Body size evolution on islands is widely studied and hotly debated. Gigantism and dwarfism are thought to evolve under strong natural selection, especially on small remote islands. We report a curious co-occurrence of both dwarf and giant lizards on the same small, remote island (Plakida): the largest Podarcis erhardii (Lacertidae) and smallest Mediodactylus kotschyi sensu lato; Gekkonidae — the two commonest insular reptiles in the Aegean Sea. The geckos of Plakida have a peculiar tail-waving behavior, documented here for the first time in this genus. We suspect that P. erhardii evolved large size to consume geckos and the geckos evolved a unique tail-waving behavior as a defensive mechanism.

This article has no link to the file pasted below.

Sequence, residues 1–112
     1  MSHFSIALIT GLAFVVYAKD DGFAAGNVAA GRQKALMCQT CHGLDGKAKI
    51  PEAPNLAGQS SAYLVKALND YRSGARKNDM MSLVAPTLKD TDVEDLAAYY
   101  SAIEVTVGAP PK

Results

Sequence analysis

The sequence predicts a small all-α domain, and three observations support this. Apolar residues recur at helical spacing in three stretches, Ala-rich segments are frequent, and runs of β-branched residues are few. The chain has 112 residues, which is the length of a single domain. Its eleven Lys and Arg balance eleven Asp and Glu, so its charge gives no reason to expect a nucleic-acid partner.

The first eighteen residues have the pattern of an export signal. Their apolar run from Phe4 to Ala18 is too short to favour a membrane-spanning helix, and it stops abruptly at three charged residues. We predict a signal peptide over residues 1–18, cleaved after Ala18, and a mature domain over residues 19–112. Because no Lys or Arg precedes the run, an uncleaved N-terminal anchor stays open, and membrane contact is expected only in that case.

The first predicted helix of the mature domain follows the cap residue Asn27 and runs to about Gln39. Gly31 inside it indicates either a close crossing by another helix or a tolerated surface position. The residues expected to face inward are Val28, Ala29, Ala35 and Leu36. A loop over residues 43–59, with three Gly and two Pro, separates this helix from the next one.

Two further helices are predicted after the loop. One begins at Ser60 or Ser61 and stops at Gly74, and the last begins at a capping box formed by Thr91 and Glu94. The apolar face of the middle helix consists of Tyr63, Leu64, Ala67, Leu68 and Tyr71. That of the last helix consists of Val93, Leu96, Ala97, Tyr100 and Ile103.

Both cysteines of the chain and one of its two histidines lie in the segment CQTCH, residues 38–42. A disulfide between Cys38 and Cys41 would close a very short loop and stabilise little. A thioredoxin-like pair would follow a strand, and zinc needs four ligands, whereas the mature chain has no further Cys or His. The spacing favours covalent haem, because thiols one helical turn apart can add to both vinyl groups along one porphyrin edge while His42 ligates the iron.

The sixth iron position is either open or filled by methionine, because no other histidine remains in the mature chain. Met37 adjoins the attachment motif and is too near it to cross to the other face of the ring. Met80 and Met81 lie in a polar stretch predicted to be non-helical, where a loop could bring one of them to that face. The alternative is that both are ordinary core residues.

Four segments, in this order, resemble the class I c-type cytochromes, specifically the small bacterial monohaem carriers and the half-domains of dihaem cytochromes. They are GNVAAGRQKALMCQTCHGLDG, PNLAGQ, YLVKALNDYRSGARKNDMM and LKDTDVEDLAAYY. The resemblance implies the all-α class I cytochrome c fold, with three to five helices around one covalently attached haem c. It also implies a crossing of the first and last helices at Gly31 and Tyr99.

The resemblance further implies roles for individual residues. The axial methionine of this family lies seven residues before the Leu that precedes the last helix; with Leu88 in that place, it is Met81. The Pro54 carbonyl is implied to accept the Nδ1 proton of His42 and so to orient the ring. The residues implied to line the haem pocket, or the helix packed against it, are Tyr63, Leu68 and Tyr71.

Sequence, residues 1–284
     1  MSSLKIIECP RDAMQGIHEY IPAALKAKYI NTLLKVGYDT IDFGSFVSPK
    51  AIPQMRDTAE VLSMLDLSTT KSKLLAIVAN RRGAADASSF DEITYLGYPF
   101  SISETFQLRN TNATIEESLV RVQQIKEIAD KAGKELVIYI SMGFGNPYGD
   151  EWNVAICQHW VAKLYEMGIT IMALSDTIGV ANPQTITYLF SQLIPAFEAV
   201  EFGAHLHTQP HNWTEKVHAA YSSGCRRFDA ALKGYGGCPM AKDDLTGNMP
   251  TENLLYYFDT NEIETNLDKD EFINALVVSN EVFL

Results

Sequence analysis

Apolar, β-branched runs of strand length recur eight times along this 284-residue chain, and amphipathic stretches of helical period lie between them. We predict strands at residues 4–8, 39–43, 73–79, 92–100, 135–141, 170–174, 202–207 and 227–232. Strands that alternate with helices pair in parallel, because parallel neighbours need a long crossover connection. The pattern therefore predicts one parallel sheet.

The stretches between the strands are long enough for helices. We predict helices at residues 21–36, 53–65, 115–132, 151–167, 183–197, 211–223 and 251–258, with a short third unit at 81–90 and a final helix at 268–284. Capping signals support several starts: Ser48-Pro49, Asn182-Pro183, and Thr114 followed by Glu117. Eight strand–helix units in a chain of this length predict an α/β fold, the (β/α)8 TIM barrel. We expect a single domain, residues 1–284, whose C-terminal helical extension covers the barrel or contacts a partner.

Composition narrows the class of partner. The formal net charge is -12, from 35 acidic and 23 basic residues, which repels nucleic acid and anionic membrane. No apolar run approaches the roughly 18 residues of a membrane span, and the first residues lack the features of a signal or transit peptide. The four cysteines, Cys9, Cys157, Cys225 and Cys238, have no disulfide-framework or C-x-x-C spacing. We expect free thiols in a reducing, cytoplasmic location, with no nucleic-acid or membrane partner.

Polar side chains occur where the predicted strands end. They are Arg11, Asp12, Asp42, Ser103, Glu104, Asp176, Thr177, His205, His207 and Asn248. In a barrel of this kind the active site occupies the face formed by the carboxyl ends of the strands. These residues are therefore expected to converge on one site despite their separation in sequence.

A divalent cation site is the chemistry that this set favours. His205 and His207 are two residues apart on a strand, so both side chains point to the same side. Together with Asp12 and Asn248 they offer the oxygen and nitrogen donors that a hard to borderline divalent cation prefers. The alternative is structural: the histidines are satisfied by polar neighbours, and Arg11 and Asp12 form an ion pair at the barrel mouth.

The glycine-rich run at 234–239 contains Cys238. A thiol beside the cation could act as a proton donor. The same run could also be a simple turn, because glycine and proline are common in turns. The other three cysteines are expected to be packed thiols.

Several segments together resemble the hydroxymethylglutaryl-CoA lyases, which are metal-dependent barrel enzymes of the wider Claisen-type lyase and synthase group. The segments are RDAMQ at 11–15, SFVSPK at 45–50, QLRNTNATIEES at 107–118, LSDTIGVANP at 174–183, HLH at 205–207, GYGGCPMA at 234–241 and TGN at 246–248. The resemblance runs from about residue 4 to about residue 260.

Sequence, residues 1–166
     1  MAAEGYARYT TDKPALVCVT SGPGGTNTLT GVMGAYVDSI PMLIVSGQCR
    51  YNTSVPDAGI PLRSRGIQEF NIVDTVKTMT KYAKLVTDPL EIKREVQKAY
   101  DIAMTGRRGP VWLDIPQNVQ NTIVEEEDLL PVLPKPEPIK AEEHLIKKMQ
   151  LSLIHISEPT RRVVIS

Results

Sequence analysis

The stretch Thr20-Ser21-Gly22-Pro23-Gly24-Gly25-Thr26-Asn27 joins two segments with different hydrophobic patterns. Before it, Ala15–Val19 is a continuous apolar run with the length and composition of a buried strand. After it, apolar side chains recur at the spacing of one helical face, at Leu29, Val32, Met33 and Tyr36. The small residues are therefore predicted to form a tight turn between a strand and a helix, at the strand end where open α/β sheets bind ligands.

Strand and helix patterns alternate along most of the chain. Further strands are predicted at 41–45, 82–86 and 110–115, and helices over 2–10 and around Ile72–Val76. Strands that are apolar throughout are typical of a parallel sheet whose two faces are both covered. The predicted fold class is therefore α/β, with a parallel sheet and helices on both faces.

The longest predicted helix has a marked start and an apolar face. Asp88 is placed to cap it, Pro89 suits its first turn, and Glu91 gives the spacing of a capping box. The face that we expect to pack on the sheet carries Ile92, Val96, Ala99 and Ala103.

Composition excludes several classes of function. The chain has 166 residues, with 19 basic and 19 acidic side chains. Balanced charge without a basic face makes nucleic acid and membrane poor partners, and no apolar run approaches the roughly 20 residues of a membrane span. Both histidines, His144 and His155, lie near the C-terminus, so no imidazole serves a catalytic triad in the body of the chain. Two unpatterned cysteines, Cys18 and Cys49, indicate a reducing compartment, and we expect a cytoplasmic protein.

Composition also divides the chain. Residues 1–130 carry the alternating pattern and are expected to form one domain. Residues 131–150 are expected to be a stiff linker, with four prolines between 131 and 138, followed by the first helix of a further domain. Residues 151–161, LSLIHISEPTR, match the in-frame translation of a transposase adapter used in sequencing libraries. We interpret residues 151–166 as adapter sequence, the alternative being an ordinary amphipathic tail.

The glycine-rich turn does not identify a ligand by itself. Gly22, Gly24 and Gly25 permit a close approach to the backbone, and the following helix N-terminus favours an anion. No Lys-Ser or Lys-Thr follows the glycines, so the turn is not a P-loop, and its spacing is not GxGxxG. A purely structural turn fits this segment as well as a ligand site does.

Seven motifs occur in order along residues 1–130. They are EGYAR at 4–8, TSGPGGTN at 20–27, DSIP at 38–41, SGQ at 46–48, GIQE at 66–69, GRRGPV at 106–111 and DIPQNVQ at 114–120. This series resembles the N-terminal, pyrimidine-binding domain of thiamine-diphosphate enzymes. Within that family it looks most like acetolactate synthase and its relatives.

|Number of pages
|Russian Journal of Herpetology
|Published - 2021
Bibliographical notePublisher Copyright:
© 2021 Folium Publishing Company.
- Aegean Sea islands
- Body size
- Tail autotomy
- Tail waving
ASJC Scopus subject areas
- Ecology, Evolution, Behavior and Systematics
- Animal Science and Zoology